Much of the old town is constructed of, or faced with, a rather soft brick. This makes it easy to carve initials into the wall and walking around the town you can often spot these. Is it sexist to suggest that these tend to be carved by teenage boys? One cluster of examples can be seen on the wall of St Mary’s Cemetery (not the church yard) on the corner where the path turns up towards Rectory Wood. The most prominent is MA 1963. If a teenager in 1963 he (probably not she) could still be alive, perhaps living in Amersham – even a member of this Society. Any confessions?

The former National School (now the King’s Chapel) was set up in 1842 by non-conformist churches through the British Schools Committee, and attached to what was then a Baptist chapel. The graffiti-covered wall is a terrible(?) warning of what happens if you teach children to read and write!

Another example can be seen at Troye Cottage (32 Whielden Street), on the third brick (40 cm) to the left of the ground floor window, on the fourth brick (25 cm) above the window sill. (In summer, they may be obscured by plant growth). These are better carved letters than the cemetery example, with serifs, not rapidly incised with a rusty nail. But what is the 2nd letter: is it I, T or L and who carved them? It seems reasonable to assume it was probably carved by a resident in the house. In researching the history of Troye Cottage, we compiled a list of the known residents between its construction in 1702/3 and the present day.  From the 1841 census onwards, this includes children. None have a surname beginning with I or T. Could it perhaps be an L, rather than an I or T? In that case, EL could be one of the Line family. We know that they were not living at Troye Cottage at the time of the 1891 census (5th April) but were there ten years later, when Ernest H Line was 23. If they moved in soon after the 1891 census he could have spent almost all his teenage years in the house. There is a detailed history of the Line family on this web site, although not the Whielden Street branch.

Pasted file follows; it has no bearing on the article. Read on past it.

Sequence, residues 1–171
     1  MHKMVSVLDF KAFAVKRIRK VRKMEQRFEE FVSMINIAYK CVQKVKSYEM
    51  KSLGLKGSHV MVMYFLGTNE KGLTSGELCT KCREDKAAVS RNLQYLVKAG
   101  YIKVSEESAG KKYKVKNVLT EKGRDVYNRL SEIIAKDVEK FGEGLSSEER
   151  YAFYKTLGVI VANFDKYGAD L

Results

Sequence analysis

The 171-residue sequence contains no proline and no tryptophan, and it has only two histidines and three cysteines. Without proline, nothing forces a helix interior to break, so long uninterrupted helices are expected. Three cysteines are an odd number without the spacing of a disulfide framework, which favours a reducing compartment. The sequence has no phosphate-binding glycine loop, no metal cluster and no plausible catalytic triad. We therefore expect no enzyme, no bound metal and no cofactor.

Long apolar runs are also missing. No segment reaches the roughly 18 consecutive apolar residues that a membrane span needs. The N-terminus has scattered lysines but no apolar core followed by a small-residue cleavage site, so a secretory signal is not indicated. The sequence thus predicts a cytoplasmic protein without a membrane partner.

Are there any more examples of graffiti in Old Amersham and can anyone shed any further light on who the perpetrators were?

More graffiti

Following publication of the article above, a resident of the Old Town approached Peter to say that one of her windows had an inscription – in Latin. The inscription appears to read: Mentula et vulva saepe junguntur in una   1748.
When Peter went to have a look at it he realised that there was a second, much cruder, inscription on the diamond pane immediately below the Latin one.  It also became apparent that although the second inscription had been written from the inside of the building, the Latin inscription was on the outside (although of course the pane may have been reversed over the last 270 years).
Because the inscription is on private land we are not specifying its exact location and because it is rather vulgar we are not publishing a translation – that may, of course, provide an incentive for your teenage children or grandchildren.
The other inscription is rather less intriguing. Although undated, the writing is in an obviously much more modern style. Census and similar records show a number of people with the surname SLADE in the area in the 20th century but we have so far not identified a W B Slade.